The wealth of a family advances, declines, or remains stationary, according as its consumption equals, exceeds, or falls short of its revenue. The aggregate of the consumption of all the individuals, added to that of the government for public pur- poses, forms the grand total of national consumption. A family, or indeed a community, or nation, may certainly consume the whole of its revenue, without being thereby im- poverished; but it by no means follows, that it either must, or would act wisely, in so doing. Common prudence would coun- sel to provide against casualties. Who can say with certainty, that his income will not fall off, or that his fortune is exempt from the injustice, the fraud, or the violence of mankind? Lands may be confiscated; ships may be wrecked; litigation may involve him in its expenses and uncertainties. The rich- est merchant is liable to be ruined by one -unlucky specula- tion, or by the failure of others. Were he to spend his whole income, his capital might, and in all probability would, be continually on the decline. The government has, in all countries, a vast influence, in de- termining the character of the national consumption; not only because it absolutely directs the consumption of the state it- self, but because a great proportion of the consumption of individuals is gained by its will and example. If the govern- ment indulge a taste for splendour and ostentation, splendour and ostentation will be the order of the day, with the whole host of imitators; and even those of better judgment and dis- cretion must, in some measure, yield to the tor rent. For, how seldom are they independent of that consideration and good opinion, which, under such circumstances, are to be earned, not by personal qualities, but by a course of extravagance they can not approve? But, supposing it to remain stationary, should one be content with keeping it so? A fortune, however large, will seem little enough, when it comes to be divided amongst a number of children. And, even if there be no occasion to divide it, what harm is there in enlarging it; so it be done by honourable means? what else is it, but the desire of each individual to better his situation, that suggests the frugality that accumu- lates capital, and thereby assists the progress of industry, and leads to national opulence and civilisation? Had not previous generations been actuated by this stimulus, the present one would now be in the savage state; and it is impossible to say, how much farther it may yet be possible to carry civilization. It has never been proved to my satisfaction, that nine-tenths of the population must inevitably remain in that degree of misery and semi-barbarism, which they are found in at present in most countries of Europe. First and foremost in the list of injudicious kinds of consump- tion stand those which yield disgust and displeasure, in lieu of the gratification anticipated. Under this class may be ranged, excess and intemperance in private individuals; and, in the state, wars undertaken with the motive of pure vengeance, like that of Louis XIV in revenge for the attacks of a Dutch newspaper, or with that of empty glory, which leads com- monly to disgrace and odium. Yet such wars are even less to be deplored for the waste of national wealth and resources, than for the irremediable loss of personal virtue and talent sacrificed in the struggle; a loss which involves families in distress enough, when exacted by the public good, and by the pressure of inexorable necessity; but must be doubly shock- ing and afflicting, when it originates in the caprice, the wick- edness, the folly, or the ungovernable passions of national rulers. The observance of the rules of private economy keeps the consumption of a family within reasonable bounds= that is to 219Jean-Baptise Say, A Treatise on Political Economy abridgment of his personal gratifications, not at the expense of the public, according to the vulgar notion; it has been with- drawn from no productive occupation, and will at any rate re- appear at his death, and be available for the purpose of ex- tending the operations of industry, if it be not squandered by his heirs, or so effectually concealed, as to evade all search or recovery. say, the bounds prescribed in each instance by a judicious comparison of the value sacrificed in consumption, with the satisfaction it affords. None but the individual himself, can fairly and correctly estimate the loss and gain, resulting to himself or family from each particular act of consumption; for the balance will depend upon the fortune, the rank, and the wants of himself and family; and, in some degree, per- haps, upon personal taste and feelings. To restrain consump- tion within too narrow limits, would involve the privation of gratification that fortune has placed within reach; and, on the other hand, a too profuse consumption might trench upon resources, that it might be but common prudence to husband. 15 It is absurd in spendthrifts to boast of their prodigality, which is quite as unworthy the nobleness of our nature, as the sordid meanness of the opposite character. There is no merit in con- suming all one can lay hands upon, and desisting only when one can get no more to consume; every animal can do as much; nay, there are some animals that set a better example of provident management. It is more becoming the character of a being gifted with reason and foresight, never to con- sume, in any instance, without some reasonable object in view. At least, this is the course that economy would prescribe. Individual consumption has constant reference to the charac- ter and passions of the consumer. It is influenced alternately by the noblest and the vilest propensities of our nature; at one time it is stimulated by sensuality; at another by vanity, by generosity, by revenge, or even by covetousness. It is checked by prudence or foresight, by groundless apprehension, by distrust, or by selfishness. As these various qualities happen in turn to predominate, they direct mankind in the use they make of their wealth. In this, as in every other action of life, the line of true wisdom is the most difficult to observe. Hu- man infirmity is perpetually deviating to the one side or the other, and seldom steers altogether clear of excess. 16 In short, economy is nothing more than the direction of hu- man consumption with judgment and discretion,-the knowl- edge of our means, and the best mode of employing them. There is no fixed rule of economy; it must be guided by a reference to the fortune condition, and wants of the consumer. An expense, that may be authorized by the strictest economy in a person of moderate fortune, would, perhaps, be pitiful in a rich man, and absolute extravagance in a poor one. In a state of sickness, a man must allow himself indulgences, that he would not think of in health. An act of beneficence, that trenches on the personal enjoyments of the benefactor, is de- serving of the highest praise; but it would be highly blam- able, if done at the expense of his children’s subsistence. In respect to consumption, prodigality and avarice are the two faults to be avoided= both of them neutralize the benefits that wealth is calculated to confer on its possessor; prodigal- ity by exhausting, avarice by not using, the means of enjoy- ment. Prodigality is, indeed, the more amiable of the two, because it is allied to many amiable and social qualities. It is regarded with more indulgence, because it imparts its plea- sures to others; yet it is of the two the more mischievous to society; for it squanders and makes away with the capital that should be the support of industry; it destroys industry, the grand agent of production, by the destruction of the other agent, capital. If, by expense and consumption, are meant those kinds only which minister to our pleasures and luxu- ries, it is a great mistake to say that money is good for noth- ing but to be spent, and that products are only raised to be consumed. Money may be employed in the work of re-pro- duction; when so employed, it must be productive of great benefit; and, every time that a fixed capital is squandered, a corresponding quantity of industry must be extinguished, in some quarter or other. The spendthrift, in running through his fortune, is at the same time exhausting, pro tanto, the source of the profits upon industry. Economy is equally distant from avarice and profusion. Ava- rice hoards, not for the purpose of consuming or re-produc- ing, but for the mere sake of hoarding; it is a kind of instinct, or mechanical impulse, much to the discredit of those in whom it is detected= whereas, true economy is the offspring of pru- dence and sound rea son. and does not sacrifice necessaries to superfluities, like the miser when he denies himself present comforts, in the view of luxury, ex er prospective and never to be enjoyed. The most sumptuous entertainment may be conducted with economy, without diminishing, but rather adding to its splendour, which the slightest appearance of avarice would tarnish and deface. The economical man bal- ances his means against his present or future wants, and those of his family and friends, not forgetting the calls of humanity. The miser regards neither family nor friends; scarcely attends to his own personal wants, and is an utter stranger to those of mankind at large. Economy never consumes without an ob- ject; avarice never willingly consumes at all; the one is a so- ber and rational study, the only one that supplies the means of fulfilling our duties, and being at the same time just and gen- The miser, who, in the dread of losing his money, hesitates to turn it to account, does, indeed, nothing to promote the progress of industry; but at least he can not be said to reduce the means of production. His hoard is scraped together by the 220Book III= On Consumption erous; the other, a vile propensity to sacrifice every thing to the sordid consideration of self. impossible to employ in an absolute sense, terms, which al- ways of necessity convey an idea of relation and comparison. Economy has not unreasonably been ranked among the vir- tues of mankind; for, like the other virtues, it implies self- command and control; and is productive of the happiest con- sequences; the good education of children, physical and moral; the careful attendance of old age; the calmness of mind, so necessary to the good conduct of middle life; and that inde- pendence of circumstances which alone can secure against mercenary motives, are all referable to this quality. Without it there can be no liberality, none at least of a permanent and wholesome kind; for, when it degenerates into prodigality, it is an indiscriminate largess, alike to deserving and undeserv- ing; stinting those who have claims in favour of those who have none. It is common to see the spendthrift reduced to beg a favour from people that he has loaded with his bounty; for what he gives now, one expects a return will some day be called for; whereas, the gifts of the economical man are purely gratuitous; for he never gives except from his superfluities. The latter is rich with a moderate fortune; but the miser and the prodigal are poor, though in possession of the largest re- sources. The line of demarcation between necessaries and superflu- ities shifts with the fluctuating condition of society. Strictly speaking, mankind might exist upon roots and herbs, with a sheepskin for clothing, and a wigwam for lodging; yet, in the present state of European society, we cannot look upon bread or butcher’s meat, woollen clothes or houses of masonry, as luxuries. For the same reason, the line varies also according to the varying circumstances of individual fortune; what is a necessary in a large town, or in a particular line of life, may, in another line of life, or in the country, be a mere superfluity. Wherefore, it is impossible exactly to define the boundary between the one and the other. Smith has fixed it a little in advance of Stewart; including in the rank of necessaries, be- sides natural wants, such as the established rules of decency and propriety have made necessary in the lower classes of society. But Smith was wrong in attempting to fix at all what must, in the nature of things, be ever varying. Luxury may be said, in a general way, to be, the use or consumption of dear articles; for the term dear is one of relation, and therefore may be properly enough applied in the definition of another term, whose sense is likewise relative. Luxury 19 with us in France conveys the idea rather of ostentation than of sensual- ity; applied to dress, it denotes rather the superior beauty and impression upon the beholder, than superior convenience and comfort to the wearer; applied to the table, it means rather the splendour of a sumptuous banquet, than the exquisite farce of the solitary epicure. The grand aim of luxury in this sense is to attract admiration by the rarity, the costliness, and the magnificence of the objects displayed, recommended prob- ably neither by utility, not convenience, nor pleasurable quali- ties, but merely by their dazzling exterior and effect upon the opinions of mankind at large. Luxury conveys the idea of ostentation; but ostentation has itself a far more extensive meaning, and comprehends every quality assumed for the purpose of display. A man may be ostentatiously virtuous, but is never luxuriously so; for luxury im plies expense. Thus, luxury of wit or genius is a metaphorical expression, imply- ing a profuse display or expenditure, if it may be so called, of those qualities of the intellect, which it is the characteristic of good taste to deal out with a sparing hand. Economy is inconsistent with disorder, which stumbles blind- fold over wealth, sometimes missing what it most desires, although close within its reach, and sometimes seizing and devouring what it is most interested in preserving; ever im- pelled by the occurrences of the moment, which it either can not foresee, or can not emancipate itself from; and always unconscious of its own position, and utterly incapable of choosing the proper course for the future. A household, con- ducted without order, is preyed upon by all the world= neither the fidelity of the servants, nor even the parsimony of the master, can save it from ultimate ruin. For it is exposed to the perpetual recurrence of a variety of little outgoings, on every occasion, however trivial. 17 Among the motives that operate to determine the consump- tion of individuals, the most prominent is luxury, that fre- quent theme of declamation, which, however, I should prob- ably not have dwelt upon, could I expect that every body would take the trouble of applying the principles I have been labouring to establish; and were it not always useful to sub- stitute reason for declamation. Although, with us in France, what we term luxury is chiefly directed to ostentatious indulgence, the excess and refine- ment of sensuality are equally unjustifiable, and of precisely similar effect= that is to say, of a frivolous and inconsiderable enjoyment or satisfaction, obtained by a large consumption, calculated to satisfy more urgent and extensive wants. But I should not stigmatise as luxury that degree of variety or abun- dance, which a prudent and well-informed person in a civilised community would like to see upon his table upon domestic Luxury has been defined to be, the use of superfluities. 18 For my own part, I am at a loss to draw the line between superflu- ities and necessaries; the shades of difference are as indis- tinct and completely blended as the colours of the rainbow. Taste, education, temperament, bodily health, make the de- grees of utility and necessity infinitely variable, and render it 221Jean-Baptise Say, A Treatise on Political Economy and common occasions, or aim at in his dress and abode, when under no compulsion to keep up an appearance. I should call this degree of indulgence judicious and suitable to his condition, but not an instance of luxury. article of their creed. The merchants and manufacturers, who seldom look beyond the actual sale of their products, or in- quire into the causes which may operate to extend their sale, have warmly supported a position, apparently so consistent with their interests; the poets, who are ever apt to be seduced by appearances, and do not consider themselves bound to be wiser than politicians and men of business, have been loud in the praise of luxury; 20 and the rich have not been backward in adopting principles, that exalt their ostentation into a virtue, ana their self-gratification into benevolence. 21 Having thus defined the term luxury, we may go on to inves- tigate its effect upon the well-ordering or economy of na- tions. Under the head of unproductive consumption is comprised the satisfaction of many actual and urgent wants, which is a purpose of sufficient consequence to outweigh the mischief, that must ensue from the destruction of values. But what is there to compensate that mischief, where such consumption has not for its object the satisfaction of such wants? where money is spent for the mere sake of spending, and the value destroyed without any object beyond its destruction? This prejudice, however, must vanish as the increasing knowl- edge of political economy begins to reveal the real sources of wealth, the means of production, and the effect of consump- tion. Vanity may take pride in idle expense, but will ever be held in no less contempt by the wise, on account of its perni- cious effects, than it has been all along, for the motives by which it is actuated. It is supposed to be beneficial, at all events, to the producers of the articles consumed. But it is to be considered, that the same expenditure must take place, though not, perhaps, upon objects quite so frivolous; for the money withheld from luxu- rious indulgences, Is not absolutely thrown into the sea; it is sure to be spent either upon more judicious gratifications or upon reproduction. In one way or other, all the revenue, not absolutely sunk or buried, is consumed by the receiver of it, or by some one in his stead; and in all cases whatever, the encouragement held out by consumption to the producer is co-extensive with the total amount of revenue to be expended. Whence it follows: These conclusions of theory have been confirmed by experi- ence. Misery is the inseparable companion of luxury. The man of wealth and ostentation squanders upon costly trin- kets, sumptuous repasts, magnificent mansions, dogs, horses, and mistresses, a portion of value, which, vested in produc- tive occupation, would enable a multitude of willing labourers, whom his extravagance now consigns te idleness and misery, to provide themselves with warm clothing nourishing food, and household conveniences. The gold buckles of the rich man leave the poor one without shoes to his feet; and the labourer will want a shirt to his back, while his rich neighbour glitters in velvet and embroidery.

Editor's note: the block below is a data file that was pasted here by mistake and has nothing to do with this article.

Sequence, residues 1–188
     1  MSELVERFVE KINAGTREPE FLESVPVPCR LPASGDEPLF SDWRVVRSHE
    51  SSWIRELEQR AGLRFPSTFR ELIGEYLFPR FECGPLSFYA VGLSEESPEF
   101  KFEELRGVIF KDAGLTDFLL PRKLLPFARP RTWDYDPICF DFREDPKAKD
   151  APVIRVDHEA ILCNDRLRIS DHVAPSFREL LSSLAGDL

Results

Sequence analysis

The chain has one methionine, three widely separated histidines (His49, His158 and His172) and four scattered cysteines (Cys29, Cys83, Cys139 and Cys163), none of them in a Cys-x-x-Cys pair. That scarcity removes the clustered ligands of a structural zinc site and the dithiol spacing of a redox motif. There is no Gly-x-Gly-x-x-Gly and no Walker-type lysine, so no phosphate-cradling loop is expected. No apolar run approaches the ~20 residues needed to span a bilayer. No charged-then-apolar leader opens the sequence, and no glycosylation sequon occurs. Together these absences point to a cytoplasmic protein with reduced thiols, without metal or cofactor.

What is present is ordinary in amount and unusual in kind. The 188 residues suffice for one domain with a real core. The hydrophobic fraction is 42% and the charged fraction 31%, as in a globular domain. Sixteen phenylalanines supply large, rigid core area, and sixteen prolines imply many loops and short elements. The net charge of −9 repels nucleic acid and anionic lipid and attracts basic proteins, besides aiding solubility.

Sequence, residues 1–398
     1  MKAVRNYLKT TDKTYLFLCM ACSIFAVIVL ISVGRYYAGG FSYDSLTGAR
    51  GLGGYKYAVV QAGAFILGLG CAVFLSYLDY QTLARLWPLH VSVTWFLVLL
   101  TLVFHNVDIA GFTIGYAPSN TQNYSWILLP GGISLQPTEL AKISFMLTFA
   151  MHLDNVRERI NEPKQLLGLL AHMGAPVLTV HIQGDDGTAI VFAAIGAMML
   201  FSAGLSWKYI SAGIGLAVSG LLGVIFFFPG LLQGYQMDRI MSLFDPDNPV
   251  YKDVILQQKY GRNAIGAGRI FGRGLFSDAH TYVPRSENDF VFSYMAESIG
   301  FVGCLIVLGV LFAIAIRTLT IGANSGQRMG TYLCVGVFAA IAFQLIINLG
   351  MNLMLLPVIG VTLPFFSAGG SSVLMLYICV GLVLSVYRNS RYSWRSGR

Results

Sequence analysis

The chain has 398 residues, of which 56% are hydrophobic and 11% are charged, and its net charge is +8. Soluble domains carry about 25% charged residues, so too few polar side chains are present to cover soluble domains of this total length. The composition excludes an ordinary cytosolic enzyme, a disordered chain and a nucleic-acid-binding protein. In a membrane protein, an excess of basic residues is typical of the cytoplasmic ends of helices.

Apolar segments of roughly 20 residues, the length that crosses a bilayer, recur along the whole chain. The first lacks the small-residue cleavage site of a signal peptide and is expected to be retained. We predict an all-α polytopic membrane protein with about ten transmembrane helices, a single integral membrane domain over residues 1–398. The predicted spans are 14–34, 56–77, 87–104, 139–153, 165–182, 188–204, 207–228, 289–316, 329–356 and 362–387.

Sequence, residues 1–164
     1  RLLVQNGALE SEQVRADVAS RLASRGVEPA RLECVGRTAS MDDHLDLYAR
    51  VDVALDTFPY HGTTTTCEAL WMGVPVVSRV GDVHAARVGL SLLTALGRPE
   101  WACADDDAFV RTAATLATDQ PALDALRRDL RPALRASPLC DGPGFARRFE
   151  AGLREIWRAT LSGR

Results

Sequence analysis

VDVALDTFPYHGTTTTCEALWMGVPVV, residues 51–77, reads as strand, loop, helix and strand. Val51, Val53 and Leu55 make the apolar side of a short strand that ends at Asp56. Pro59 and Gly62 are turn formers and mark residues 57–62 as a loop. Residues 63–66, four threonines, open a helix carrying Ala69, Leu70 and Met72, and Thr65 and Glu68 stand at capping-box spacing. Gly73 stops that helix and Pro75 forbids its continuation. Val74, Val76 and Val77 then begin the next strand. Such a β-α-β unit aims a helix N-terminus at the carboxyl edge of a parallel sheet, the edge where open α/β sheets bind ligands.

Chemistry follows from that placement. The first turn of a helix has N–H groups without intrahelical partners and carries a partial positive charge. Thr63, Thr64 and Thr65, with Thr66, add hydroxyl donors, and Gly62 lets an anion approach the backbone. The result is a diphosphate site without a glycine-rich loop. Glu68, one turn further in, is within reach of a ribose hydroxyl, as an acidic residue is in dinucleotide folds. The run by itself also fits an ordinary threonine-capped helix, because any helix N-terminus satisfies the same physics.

1. That the encouragement which ostentatious extravagance affords to one class of production is necessarily withdrawn from another. It is vain to resist the nature of things. Magnificence may do what it will to keep poverty out of sight, yet it will cross it at every urn, still haunting, as if to reproach it for its excesses. This contrast was to be met with at Versailles, at Rome, at Madrid, and in every seat of royal residence. In a recent in- stance, it occurred in France in an afflicting degree, after a long series of extravagant and ostentatious administration; yet the principle is so undeniable, that one would not sup- pose it had required so terrible an illustration. 22